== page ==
Interesting, I was just observing full bloom sweet cherry yesterday
afternoon and made a mental note that native bee/pollinator activity seemed
to be light. There are no honeybees brought into the orchard yet, we wait
for apples. Normally, they (the native pollinators) are really swarming the
sweet cherries because they are the only thing in bloom at the time. Today
activity seemed lacking again. It's been very dry here, is there any
possibility there is a lack of nectar? That might not explain David's
observation in Indiana though? Seems to be a theme here, but maybe Mo is
right -- just plain natural (i.e. chaotic) population swings?

Anyway, who needs bees? http://www.youtube.com/watch?v=Bsl7sILSGoU


On Thu, May 2, 2013 at 11:01 AM, David Doud <david_d...@me.com> wrote:

> Another casualty of last year's freak weather is the population of native
> pollinators - my asian pears entered full bloom over the last 48 hours -
> other years they are surrounded by a cloud of several species of solitary
> pollinators, this year that activity is roughly 10% of what I am accustomed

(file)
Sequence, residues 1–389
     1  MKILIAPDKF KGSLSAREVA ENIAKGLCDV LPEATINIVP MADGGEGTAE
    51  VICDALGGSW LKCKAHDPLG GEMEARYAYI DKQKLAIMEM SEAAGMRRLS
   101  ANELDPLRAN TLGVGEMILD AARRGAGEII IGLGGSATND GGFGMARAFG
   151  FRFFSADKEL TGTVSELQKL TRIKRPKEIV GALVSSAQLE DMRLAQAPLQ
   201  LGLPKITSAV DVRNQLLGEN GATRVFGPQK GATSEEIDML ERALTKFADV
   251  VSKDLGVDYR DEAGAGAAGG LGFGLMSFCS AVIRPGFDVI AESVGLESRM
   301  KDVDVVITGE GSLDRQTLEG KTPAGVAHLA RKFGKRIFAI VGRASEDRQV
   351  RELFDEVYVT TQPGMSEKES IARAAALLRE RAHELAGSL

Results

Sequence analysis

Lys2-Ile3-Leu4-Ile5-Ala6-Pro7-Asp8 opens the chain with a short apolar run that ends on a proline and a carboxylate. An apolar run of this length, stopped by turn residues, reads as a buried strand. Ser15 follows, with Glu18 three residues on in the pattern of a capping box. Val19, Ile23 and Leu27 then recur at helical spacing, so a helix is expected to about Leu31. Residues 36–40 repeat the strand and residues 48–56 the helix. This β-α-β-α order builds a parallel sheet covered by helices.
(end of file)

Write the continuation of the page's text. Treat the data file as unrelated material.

> to observing -
>
> The first apple bloom opened yesterday - 72 hours ago at tight cluster I
> considered the amount of bloom as 'full' but not particularly remarkable,
> now bloom has seemingly spontaneously generated to an amount that I cannot
> remember observing in the past - it's going to be spectacular, but has
> upped my anxiety about the potential 'big crop of little green apples' -
> hope thinners are effective....
>
>
>
>
> David Doud
> grower IN
> _______________________________________________
> apple-crop mailing list
> apple-crop@virtualorchard.net
> http://virtualorchard.net/mailman/listinfo/apple-crop
>
>


-- 
Jon Clements
aka 'Mr Honeycrisp'
UMass Cold Spring Orchard
393 Sabin St.
Belchertown, MA  01007
413-478-7219
umassfruit.com
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